Written by Christina Hite, Foster Village Austin
Foster care can be an isolating experience for everyone involved – biological families, foster families, and of course, for the kids entering the foster care system.
At Foster Village, we know that children need more than a system; they need a village.
And as we’ve walked alongside hundreds of foster, kinship, adoptive, and biological families in the last six years, we’ve seen time and time again that there is a community beyond the system that will step up to support kids and caregivers who are intersecting with the child welfare system.
So we began to dream… What could happen if foster parents and biological parents became partners as they navigate the child welfare system? Is it possible for children in foster care to maintain relationships with all of the safe adults they love? How could relational support, access to resources, and holistic, wrap-around services change the course for families working hard to break cycles of adversity and reunify with their children?
These are the questions that we’re answering, one family at a time, through Foster Village’s Partners in Permanency program (PIP).
I met Libby on a cool November morning. She came into our resource center alongside Nicole, the foster parent caring for Libby’s almost one year old son.
Nicole and I had spoken nearly six months prior, as she welcomed baby C into her home and was getting to know baby C’s mom, Libby.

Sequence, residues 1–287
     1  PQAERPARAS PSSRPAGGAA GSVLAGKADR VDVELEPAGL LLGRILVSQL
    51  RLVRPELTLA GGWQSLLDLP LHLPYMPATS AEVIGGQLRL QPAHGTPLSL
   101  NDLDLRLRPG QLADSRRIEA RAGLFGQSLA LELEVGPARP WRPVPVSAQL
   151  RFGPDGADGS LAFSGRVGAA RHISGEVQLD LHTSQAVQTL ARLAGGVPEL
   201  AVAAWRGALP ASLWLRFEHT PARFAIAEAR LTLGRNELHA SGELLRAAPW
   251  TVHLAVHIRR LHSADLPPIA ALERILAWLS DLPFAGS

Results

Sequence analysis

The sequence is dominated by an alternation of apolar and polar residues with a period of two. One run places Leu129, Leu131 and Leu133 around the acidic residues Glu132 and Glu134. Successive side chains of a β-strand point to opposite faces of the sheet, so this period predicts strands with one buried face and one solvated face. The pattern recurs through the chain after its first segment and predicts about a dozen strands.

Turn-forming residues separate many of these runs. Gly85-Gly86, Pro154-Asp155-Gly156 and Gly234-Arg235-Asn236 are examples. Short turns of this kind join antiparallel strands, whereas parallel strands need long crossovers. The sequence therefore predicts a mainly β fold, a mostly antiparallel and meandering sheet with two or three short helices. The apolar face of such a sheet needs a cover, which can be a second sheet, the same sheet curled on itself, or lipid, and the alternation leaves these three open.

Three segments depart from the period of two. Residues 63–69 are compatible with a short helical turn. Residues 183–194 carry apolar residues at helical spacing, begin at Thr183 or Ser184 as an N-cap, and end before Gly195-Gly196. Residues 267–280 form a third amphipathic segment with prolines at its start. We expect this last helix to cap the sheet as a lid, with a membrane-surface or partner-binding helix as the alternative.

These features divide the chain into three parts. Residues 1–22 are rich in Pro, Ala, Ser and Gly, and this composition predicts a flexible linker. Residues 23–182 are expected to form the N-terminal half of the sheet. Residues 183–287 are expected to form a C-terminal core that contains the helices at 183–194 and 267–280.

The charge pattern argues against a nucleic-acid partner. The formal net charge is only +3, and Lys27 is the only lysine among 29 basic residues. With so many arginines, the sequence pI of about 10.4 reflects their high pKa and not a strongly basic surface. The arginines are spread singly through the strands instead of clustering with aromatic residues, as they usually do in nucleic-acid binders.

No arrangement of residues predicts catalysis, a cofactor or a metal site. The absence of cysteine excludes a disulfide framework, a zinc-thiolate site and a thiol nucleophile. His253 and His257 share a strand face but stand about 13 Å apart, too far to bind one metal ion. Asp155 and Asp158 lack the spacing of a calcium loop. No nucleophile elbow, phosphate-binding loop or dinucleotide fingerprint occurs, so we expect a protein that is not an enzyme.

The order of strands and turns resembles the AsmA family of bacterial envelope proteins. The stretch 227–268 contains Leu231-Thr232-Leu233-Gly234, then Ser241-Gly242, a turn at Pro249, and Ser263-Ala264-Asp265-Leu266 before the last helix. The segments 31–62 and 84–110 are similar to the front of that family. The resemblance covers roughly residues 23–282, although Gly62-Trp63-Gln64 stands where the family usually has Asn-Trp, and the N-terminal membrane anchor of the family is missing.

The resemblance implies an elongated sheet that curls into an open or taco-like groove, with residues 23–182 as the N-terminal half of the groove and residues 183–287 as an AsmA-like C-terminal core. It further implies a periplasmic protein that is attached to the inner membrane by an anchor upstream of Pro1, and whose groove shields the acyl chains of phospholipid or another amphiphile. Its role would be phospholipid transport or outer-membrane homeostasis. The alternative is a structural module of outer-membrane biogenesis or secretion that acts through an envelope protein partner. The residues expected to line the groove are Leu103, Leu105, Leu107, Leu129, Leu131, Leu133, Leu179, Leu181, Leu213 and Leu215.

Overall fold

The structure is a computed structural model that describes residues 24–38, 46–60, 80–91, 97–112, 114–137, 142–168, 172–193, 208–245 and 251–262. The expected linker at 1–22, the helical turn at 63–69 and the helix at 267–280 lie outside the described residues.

“She’s a great mom,” Nicole shared about Libby. “She’s just got so little support. Her family life was tough growing up, and she’s new to the area so she doesn’t really have any friendships here either. How early can we get involved in Partners in Permanency? I know I’ve only known her a little while, but we really connected and I want to do everything I can for baby C to get back home where he belongs. I’m not exactly sure how to handle boundaries and communication with her, but it just seems to make sense to support her as she works hard to reunify.”
A few months later, Nicole called me to let me know reunification was getting closer. So here we were on that November morning, meeting together to explore the possibilities of a deep-dive partnership.
I explained the program, and Libby opened up pretty quickly about her goals so we could make a plan. She hoped to finish up her college classes, advance to a supervisor at her job, and find an affordable apartment. And her main goal, of course, was to finish all that CPS was requiring so she could bring baby C home.
Over the last several months, Libby has made lots of progress on her goals. She found and maintained her new apartment, and our village put together a Welcome Home pack full of cleaning supplies and household items for Libby’s new place. Nicole and her husband delivered a truck full of furnishings they found through their connections in the community.
Then Libby dealt with illness and surgery, which unfortunately put her behind on rent when she lost a few weeks of hourly pay. With our guided financial support and partnership, we were able to help her pay rent during that time and she continued moving forward with her goals.
She’s now a supervisor at her job and just weeks away from welcoming her son back home.
Libby and Nicole’s relationship isn’t currently the most common story for biological and foster parents, but what if it could be?
Every single family needs relational support and resources. Every parent needs someone they can call for advice, last minute child care, or just to vent about the tough day they’ve had. Every caregiver needs to know they aren’t alone as they bring up the next generation.
Through partnerships like Nicole and Libby’s, we’re seeing children have safe and stable permanency. Parents are no longer alone, wondering who they can list as their emergency contact. They’ve now got a foster parent in their corner and a village of support available to encourage and walk alongside them.